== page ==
The first pundit responses to President Donald Trump’s agreement with Kim Jong-un for the denuclearization of North Korea have leaned heavily on a series of inept comparisons with President Obama’s nuclear deal with Iran. The differences are as stark as they are important.
The “Iran deal” is properly known as the “Joint Comprehensive Plan of Action” (JCPOA), and therein lies the root of its failure. There is no such thing as a “comprehensive plan.” It is hubris to think you can cover all the bases in one working document — especially a document with different texts in Farsi and in English.
For example, the inspection regime in the JCPOA was key. How else would the P5+1 know if Iran was cheating? During talks, Iran said its military facilities would be off-limits to inspectors. Negotiators “finessed” the terms to avoid a breakdown in negotiations, and few military sites have been inspected. As we now know from the treasure trove of material the Israeli government commandeered, Iran proceeded to turn more than 90 percent of its nuclear program over to the military.
Deals in which the details have already been “agreed” are hard to reopen when the inevitable difficulties arise. It’s one thing if the deal is between friends, or even neutral parties; mistakes or omissions can be corrected. But what happens when you are negotiating with a country whose leadership declared war on you and has spent 40 years working to undermine you and your friends?
America’s P5+1 partners, and several Senate Democrats, acknowledged that the sunset clause (allowing Iran to proceed on its nuclear quest legally after a period of time) and the absence of rules on ballistic missiles were a mistake — after sanctions had been lifted and billions in cash handed to the Iranian regime. Mr. Trump gave the Europeans months to convince the Iranian leadership to make changes. They failed abjectly because Iran, reasonably enough, claimed once the deal was done it was done.
Now on to Korea.
Presidents Clinton, Bush 43, and Obama all took the bottom-up approach on North Korea. Deals were negotiated by subordinates and announced from above. The public position of each president was that our payments to the regime would be reciprocated by the North meeting its commitments. But when Pyongyang did, in fact, cheat, there was no recourse because the deal was done and the payment made.
The Trump position, a CEO position, is precisely the opposite. Rather than hoping his subordinates covered everything possible, the president set the goal with Mr. Kim and will now have his people work out the details.
The details and the steps to success will be the job of nuclear professionals plus the president’s national security people. The Pentagon, the State Department, the National Security Council and a variety of organizations within them have to come back to Mr. Trump with results. If the results aren’t acceptable, they’ll have to do something else.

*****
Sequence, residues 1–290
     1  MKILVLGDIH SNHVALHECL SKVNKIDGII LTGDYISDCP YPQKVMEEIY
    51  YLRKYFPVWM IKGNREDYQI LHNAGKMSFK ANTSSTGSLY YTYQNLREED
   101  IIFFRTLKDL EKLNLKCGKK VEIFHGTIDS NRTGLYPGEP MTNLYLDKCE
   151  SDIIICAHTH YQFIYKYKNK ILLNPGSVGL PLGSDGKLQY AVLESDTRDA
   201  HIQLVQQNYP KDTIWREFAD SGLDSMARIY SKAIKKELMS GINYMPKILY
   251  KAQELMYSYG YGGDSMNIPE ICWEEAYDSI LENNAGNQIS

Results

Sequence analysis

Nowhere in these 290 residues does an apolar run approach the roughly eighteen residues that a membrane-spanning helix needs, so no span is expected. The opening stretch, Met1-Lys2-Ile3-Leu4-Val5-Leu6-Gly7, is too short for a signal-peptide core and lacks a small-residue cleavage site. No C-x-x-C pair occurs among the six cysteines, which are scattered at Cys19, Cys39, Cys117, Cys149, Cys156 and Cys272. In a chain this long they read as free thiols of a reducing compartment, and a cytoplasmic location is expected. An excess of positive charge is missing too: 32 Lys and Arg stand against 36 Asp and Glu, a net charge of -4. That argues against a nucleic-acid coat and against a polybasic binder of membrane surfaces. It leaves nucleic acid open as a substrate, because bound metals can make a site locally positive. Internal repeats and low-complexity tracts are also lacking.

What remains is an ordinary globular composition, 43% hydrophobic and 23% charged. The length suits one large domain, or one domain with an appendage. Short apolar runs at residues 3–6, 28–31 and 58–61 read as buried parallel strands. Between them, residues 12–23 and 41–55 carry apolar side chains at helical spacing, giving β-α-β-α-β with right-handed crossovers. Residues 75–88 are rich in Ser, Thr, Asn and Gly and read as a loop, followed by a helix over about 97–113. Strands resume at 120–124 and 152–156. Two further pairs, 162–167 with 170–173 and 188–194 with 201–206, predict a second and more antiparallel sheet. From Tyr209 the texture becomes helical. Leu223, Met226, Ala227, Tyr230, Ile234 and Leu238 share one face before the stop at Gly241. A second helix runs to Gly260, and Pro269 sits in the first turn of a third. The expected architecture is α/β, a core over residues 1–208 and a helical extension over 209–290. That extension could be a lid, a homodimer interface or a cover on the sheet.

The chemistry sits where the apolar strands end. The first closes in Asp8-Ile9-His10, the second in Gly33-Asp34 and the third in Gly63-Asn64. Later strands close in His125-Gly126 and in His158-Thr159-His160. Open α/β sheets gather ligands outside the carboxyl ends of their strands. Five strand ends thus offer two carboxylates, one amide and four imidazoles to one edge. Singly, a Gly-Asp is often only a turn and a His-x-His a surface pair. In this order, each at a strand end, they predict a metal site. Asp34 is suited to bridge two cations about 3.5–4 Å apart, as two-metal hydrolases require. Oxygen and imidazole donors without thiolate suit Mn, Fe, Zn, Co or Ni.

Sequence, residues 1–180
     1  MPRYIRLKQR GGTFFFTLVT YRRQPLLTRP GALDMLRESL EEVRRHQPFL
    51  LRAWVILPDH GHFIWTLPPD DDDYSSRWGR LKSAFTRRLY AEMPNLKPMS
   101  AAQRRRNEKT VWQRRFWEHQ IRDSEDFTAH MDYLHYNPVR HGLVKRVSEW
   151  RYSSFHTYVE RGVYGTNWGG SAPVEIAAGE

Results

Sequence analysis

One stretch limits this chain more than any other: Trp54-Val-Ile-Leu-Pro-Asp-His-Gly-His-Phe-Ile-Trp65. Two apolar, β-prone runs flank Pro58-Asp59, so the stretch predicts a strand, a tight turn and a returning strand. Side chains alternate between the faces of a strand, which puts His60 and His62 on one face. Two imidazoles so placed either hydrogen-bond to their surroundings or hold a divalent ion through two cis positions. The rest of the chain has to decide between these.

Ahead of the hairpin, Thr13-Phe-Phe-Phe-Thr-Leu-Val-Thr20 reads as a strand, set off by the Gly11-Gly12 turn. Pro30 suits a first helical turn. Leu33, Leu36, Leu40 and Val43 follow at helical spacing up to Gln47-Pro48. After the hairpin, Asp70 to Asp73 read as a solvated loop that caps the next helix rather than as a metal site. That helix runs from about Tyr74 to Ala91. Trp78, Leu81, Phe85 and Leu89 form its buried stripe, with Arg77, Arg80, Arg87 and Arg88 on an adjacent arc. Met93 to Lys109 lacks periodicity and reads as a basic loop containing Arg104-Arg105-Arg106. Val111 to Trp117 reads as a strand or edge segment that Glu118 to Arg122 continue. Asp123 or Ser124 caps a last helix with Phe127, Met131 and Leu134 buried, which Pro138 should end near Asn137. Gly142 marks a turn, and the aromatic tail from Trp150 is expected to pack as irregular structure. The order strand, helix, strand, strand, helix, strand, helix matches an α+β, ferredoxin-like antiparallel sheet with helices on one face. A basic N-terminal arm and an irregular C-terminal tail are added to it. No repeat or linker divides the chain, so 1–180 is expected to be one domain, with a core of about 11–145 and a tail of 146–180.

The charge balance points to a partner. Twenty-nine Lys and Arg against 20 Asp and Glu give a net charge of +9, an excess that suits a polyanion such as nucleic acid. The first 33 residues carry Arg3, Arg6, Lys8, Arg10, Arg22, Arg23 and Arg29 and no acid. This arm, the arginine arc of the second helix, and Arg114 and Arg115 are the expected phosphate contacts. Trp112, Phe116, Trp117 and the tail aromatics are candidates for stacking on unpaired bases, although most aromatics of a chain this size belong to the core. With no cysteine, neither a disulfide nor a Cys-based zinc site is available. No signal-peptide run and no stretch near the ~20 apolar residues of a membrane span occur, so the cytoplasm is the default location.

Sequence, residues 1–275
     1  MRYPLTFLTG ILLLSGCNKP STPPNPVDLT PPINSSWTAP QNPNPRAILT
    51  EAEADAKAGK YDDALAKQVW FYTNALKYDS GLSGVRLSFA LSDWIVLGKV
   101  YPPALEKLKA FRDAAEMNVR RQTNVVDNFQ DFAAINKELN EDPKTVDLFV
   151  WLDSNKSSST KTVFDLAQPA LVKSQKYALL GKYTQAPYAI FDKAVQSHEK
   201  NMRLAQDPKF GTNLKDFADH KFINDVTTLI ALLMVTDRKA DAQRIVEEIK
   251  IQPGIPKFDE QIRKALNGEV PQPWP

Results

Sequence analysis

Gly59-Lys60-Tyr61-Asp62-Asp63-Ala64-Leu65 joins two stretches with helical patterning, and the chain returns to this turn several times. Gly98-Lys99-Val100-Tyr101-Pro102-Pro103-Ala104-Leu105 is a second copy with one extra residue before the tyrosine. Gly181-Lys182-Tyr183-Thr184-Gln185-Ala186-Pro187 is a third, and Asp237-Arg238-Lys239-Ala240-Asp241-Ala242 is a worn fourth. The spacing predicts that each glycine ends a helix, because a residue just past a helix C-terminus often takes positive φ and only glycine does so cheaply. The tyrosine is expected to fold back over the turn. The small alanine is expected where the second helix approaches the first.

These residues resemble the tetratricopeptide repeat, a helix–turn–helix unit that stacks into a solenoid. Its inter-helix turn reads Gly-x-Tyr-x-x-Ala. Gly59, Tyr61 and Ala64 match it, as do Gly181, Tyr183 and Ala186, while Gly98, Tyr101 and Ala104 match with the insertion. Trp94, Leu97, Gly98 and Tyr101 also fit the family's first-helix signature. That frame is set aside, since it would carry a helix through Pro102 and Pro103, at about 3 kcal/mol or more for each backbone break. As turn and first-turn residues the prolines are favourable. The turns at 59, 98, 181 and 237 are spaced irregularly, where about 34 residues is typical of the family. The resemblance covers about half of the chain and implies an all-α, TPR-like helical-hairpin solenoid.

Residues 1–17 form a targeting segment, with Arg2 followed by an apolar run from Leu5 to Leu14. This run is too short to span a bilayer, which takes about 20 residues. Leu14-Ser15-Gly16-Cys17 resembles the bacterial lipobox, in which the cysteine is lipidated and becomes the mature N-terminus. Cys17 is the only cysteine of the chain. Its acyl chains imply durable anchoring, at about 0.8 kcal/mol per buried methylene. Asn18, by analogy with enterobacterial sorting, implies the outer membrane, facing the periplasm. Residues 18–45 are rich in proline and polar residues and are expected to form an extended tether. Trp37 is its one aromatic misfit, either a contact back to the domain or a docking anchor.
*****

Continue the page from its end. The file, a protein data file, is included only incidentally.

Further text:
This procedure makes more sense.
Without in the least suggesting that Mr. Trump is Franklin Delano Roosevelt, it should be noted that FDR told Gen. Dwight Eisenhower to bring him the unconditional surrender of Nazi Germany — he didn’t tell him when to cross the Channel.
Every step was done and the next step started, or several steps started at once. Winston Churchill was skeptical about starting in North Africa, but FDR was convinced that the American military wasn’t ready to be fighting in Europe. He was, of course, right — lots of shortcomings were discovered in those battles. [Disclaimer: My father was there, he could tell you about shortcomings in the U.S. Army of 1942.]
And what if (God forbid) D-Day had failed? Would we have called off the war? Tried to negotiate with Hitler — who could reasonably, at that point, have concluded that the war was going his way? No, the Allied generals would have found another way to give the commander in chief what he wanted.
Like Ulysses S. Grant after the Battle of Cold Harbor. After 18,000 casualties, Gen. Grant was sitting in his tent pondering, the story goes, and he told his aide, “Tomorrow, we’ll have to do something different.”
It is entirely unclear whether this process will end in the denuclearization of the Korean Peninsula. But it may prove far better at figuring out the pitfalls as they are about to happen while we still have a chance to change our strategy and before they’re paid for. All the U.S. has done for North Korea thus far is agree to suspend a war game with the South — which pleases many in the South as well.
As Mr. Trump tartly responded to a journalist’s question about whether the Korea deal will be tougher than the Iran deal, “I don’t think a deal could be softer [than the Iran deal], and we’re not paying $150 billion.
• Shoshana Bryen is senior director of the Washington-based Jewish Policy Center.